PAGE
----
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Home :: Archive :: 2002 :: March ::
Early-modern detective story?
The Shakespeare Conference: SHK 13.07389  Wednesday, 13 March 2002

From:           Martin Steward <
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Date:           Tuesday, 12 Mar 2002 17:37:51 -0000
Subject:        Early-modern detective story?

Mike Jensen asks, with reference to a recent strand about the origins of
the detective story: "Do you really think a plot cannot have an aspect
where a character wonders who committed a killing without putting the
plot in the detective/mystery genre?  Are writers so vulnerable to later
interpretations that this claim is fair?  Aside from that, what do these
plays really have in common with Agatha Christie or Dashiell Hammett?
I'll answer my own question: virtually nothing". Indeed. The detective
story plot actually has nothing to do with death or murder as such, and
more to do with mystery, and with privileged perspectives on the story
being sealed off from the audience.

So here's my candidate: Beaumont and Fletcher's "A king and No King"
(1611).  This play's dramaturgy seems to signal a notable departure from
the usual conventions of plotting and dramatic irony, even as they had
been expanded in Shakespeare's Romances. In A King and No King,
characters engage in dialogue which is informed by the subtext of their
"really-lived" histories, whose wider relevance is withheld from the
audience until the catastrophe.  This has nothing to do with dramatic
irony as conventionally understood - it can only make sense to the
audience after they have seen the last scenes of the play and are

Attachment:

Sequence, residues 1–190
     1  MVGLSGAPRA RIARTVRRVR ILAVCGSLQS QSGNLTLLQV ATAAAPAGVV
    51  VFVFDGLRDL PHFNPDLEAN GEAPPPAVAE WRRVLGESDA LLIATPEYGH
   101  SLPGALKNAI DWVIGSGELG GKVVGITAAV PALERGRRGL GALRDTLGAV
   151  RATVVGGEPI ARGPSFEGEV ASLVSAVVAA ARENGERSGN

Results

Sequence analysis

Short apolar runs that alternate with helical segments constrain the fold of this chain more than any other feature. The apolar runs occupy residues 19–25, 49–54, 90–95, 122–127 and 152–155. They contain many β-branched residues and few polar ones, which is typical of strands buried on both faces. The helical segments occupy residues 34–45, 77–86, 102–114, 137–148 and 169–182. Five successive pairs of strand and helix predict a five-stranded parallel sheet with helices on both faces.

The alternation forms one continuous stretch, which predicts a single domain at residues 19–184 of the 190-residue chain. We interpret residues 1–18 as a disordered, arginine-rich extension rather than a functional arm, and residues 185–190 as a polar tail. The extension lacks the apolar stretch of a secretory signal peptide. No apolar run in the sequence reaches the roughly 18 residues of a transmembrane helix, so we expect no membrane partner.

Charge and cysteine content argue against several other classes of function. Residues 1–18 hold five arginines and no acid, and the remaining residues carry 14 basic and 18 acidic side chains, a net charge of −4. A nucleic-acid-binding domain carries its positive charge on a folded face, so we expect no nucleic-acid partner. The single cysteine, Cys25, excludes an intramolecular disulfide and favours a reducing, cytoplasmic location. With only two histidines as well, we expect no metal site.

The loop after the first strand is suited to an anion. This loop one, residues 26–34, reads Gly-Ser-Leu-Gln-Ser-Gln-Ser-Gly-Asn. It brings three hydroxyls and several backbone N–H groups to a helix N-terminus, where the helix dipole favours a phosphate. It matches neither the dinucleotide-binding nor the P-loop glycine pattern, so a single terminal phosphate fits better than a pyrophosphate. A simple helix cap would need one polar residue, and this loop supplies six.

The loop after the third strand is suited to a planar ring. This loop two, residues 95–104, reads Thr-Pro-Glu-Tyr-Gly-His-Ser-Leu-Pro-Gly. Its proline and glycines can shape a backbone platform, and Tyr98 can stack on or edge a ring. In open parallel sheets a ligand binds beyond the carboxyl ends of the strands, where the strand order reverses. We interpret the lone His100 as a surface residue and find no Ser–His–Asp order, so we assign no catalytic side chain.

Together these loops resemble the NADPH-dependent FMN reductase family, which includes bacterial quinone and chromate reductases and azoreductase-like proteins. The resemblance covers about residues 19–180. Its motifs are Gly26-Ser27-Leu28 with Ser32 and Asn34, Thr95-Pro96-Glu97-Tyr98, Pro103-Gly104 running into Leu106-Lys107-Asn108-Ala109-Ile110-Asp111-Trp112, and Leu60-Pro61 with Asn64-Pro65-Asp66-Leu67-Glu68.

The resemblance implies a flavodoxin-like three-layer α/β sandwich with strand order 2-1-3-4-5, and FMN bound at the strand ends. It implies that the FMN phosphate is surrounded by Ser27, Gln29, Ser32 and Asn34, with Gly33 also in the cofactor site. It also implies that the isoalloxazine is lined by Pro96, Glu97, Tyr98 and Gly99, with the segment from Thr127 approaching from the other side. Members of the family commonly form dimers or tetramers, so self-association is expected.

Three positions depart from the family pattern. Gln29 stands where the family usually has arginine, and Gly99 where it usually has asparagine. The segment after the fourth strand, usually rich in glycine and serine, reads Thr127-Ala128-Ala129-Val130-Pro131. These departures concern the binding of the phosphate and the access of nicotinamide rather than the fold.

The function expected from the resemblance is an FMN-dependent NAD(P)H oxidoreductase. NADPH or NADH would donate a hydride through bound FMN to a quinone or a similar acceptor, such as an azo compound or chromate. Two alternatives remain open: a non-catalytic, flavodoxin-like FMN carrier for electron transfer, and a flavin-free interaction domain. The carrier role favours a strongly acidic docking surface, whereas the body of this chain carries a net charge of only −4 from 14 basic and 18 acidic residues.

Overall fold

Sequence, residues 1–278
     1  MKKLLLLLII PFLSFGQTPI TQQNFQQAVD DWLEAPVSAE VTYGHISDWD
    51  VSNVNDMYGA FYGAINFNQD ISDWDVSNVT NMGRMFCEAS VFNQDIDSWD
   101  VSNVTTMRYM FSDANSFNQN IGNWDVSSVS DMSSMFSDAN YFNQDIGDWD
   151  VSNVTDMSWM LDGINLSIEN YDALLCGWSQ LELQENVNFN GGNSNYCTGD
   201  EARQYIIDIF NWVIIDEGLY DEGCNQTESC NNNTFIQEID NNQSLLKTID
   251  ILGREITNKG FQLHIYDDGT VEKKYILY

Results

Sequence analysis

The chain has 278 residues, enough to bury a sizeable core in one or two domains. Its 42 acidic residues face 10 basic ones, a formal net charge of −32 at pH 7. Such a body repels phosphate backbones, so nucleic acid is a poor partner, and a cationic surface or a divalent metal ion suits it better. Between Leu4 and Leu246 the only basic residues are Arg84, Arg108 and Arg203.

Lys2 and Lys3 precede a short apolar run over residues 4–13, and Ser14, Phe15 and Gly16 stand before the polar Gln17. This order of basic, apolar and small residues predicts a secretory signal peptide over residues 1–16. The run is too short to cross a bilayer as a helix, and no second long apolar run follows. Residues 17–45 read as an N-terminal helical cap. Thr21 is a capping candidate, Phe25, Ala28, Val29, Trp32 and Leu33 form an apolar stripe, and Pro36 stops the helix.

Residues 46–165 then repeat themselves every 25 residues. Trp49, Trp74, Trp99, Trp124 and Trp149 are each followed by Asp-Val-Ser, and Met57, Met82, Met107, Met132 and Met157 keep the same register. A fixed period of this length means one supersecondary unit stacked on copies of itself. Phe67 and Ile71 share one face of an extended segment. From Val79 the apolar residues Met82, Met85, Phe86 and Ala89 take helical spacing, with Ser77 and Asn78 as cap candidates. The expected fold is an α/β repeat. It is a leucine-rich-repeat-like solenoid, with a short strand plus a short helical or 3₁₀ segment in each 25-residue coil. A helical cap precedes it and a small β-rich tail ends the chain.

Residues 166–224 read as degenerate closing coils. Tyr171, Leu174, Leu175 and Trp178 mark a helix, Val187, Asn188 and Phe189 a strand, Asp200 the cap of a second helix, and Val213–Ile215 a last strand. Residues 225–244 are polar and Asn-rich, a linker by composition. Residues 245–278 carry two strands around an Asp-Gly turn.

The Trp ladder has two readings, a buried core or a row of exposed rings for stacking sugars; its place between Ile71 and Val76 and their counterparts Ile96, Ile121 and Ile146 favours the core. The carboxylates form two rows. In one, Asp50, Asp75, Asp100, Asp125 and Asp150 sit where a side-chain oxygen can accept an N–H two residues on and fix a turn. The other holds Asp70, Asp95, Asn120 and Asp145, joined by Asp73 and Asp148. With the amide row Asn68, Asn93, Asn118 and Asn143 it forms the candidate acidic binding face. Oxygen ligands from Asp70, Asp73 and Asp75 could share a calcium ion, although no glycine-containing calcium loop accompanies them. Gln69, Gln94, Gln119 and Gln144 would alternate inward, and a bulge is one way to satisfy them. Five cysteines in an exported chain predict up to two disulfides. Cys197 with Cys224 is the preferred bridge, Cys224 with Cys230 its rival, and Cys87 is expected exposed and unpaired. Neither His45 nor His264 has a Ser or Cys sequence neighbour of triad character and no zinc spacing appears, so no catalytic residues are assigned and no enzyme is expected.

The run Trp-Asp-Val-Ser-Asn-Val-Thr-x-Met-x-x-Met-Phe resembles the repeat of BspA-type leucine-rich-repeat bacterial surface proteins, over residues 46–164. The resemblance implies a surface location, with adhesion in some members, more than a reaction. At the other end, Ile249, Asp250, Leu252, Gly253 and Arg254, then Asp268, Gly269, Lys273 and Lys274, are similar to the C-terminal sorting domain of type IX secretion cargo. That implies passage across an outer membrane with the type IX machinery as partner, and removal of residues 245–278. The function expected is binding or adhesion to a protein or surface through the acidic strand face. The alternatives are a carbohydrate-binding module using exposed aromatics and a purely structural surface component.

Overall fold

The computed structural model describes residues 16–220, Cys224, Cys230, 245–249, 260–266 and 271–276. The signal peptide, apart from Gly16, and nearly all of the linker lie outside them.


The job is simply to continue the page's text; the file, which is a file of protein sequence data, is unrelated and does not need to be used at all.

familiar with the really-lived histories of the characters.

Whereas Cymbeline (e.g.) privileges its audience with an omniscient
perspective from the start, A King and No King gives that privilege to a
pair of characters within the play itself - Queen Arane and Gobrius.
Remarkably, they are assumed to exist independently of the drama that
gives them life, and the audience which eavesdrops on that life. So,
when Arane is punished for her attempted assassination of King Arbaces,
Gobrius mercilessly condemns her "that she should stretch her arm /
Against her king", and "think the death / Of her own son"; one would
expect Arane's reply, "Thou know'st the reason why, / Dissembling as
thou art, and wilt not speak", to refer to some terrible secret shared
by the audience. But their secret has never been revealed to the
audience, and at this point the truth is not readily reconcilable with
the characters' words or actions - it is effectively unimaginable. The
couple's cryptic exchange later in the same scene, despite their being
alone onstage, still only hints at this truth.  "Nay, should I join with
you" in killing Arbaces, Gobrius says, "Should we not both be torn? And
yet both die / Uncredited?" It is unclear how the apparently loyal
Gobrius can sympathize with this traitorous woman whom he has just
attacked so bitterly. "I do but right in saving of the king / From all
your plots", he insists, to which Arane responds, strangely, "The king?"
Again, it is not clear why their should be any doubt concerning Arbaces
right to be King, as nobody else in the play raises the issue.

To add to the mystery, Gobrius then assures Arane, that "With
patience... a time would come for me / To reconcile all to your own
content", which seems to promise a removal of Arbaces from the throne;
furthermore, Arane's rash actions are said to "take away my power",
forcing Gobrius to "preserve mine own". Only the playgoer blessed with
astonishing foresight (and perhaps only the twentieth-century mind
conditioned by Conan Doyle, Agatha Christie, and the cinematic device of
the "flashback") could deduce from this what is revealed in the last
scene of the play - that Gobrius is the father of Arbaces, and Arbaces
is King by deception (and therefore treason) with Arane. Even Arane's
lament, "Accursed be this over-curious brain / That gave that plot a
birth; accurst this womb / That after did conceive to my disgrace" -
does little more than tease us with the possibility (II.i.8-14, 47-62).
In the context of the early seventeenth-century stage, this is
mind-bending stuff: a brilliant marketing ploy which must almost have
forced the play's audience back to enjoy a second look at the action
from an enlightened perspective, but which also attempted to justify the
most radical questioning of the nature of Kingship by disguising those
questions as harmless experimental dramaturgy.

m

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